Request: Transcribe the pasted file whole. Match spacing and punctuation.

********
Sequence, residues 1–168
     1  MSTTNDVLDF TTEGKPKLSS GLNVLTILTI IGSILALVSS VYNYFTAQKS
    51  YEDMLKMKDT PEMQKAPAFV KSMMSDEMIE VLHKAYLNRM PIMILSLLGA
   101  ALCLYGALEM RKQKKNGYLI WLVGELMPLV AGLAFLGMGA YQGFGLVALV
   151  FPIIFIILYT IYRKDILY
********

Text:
Sequence, residues 1–168
     1  MSTTNDVLDF TTEGKPKLSS GLNVLTILTI IGSILALVSS VYNYFTAQKS
    51  YEDMLKMKDT PEMQKAPAFV KSMMSDEMIE VLHKAYLNRM PIMILSLLGA
   101  ALCLYGALEM RKQKKNGYLI WLVGELMPLV AGLAFLGMGA YQGFGLVALV
   151  FPIIFIILYT IYRKDILY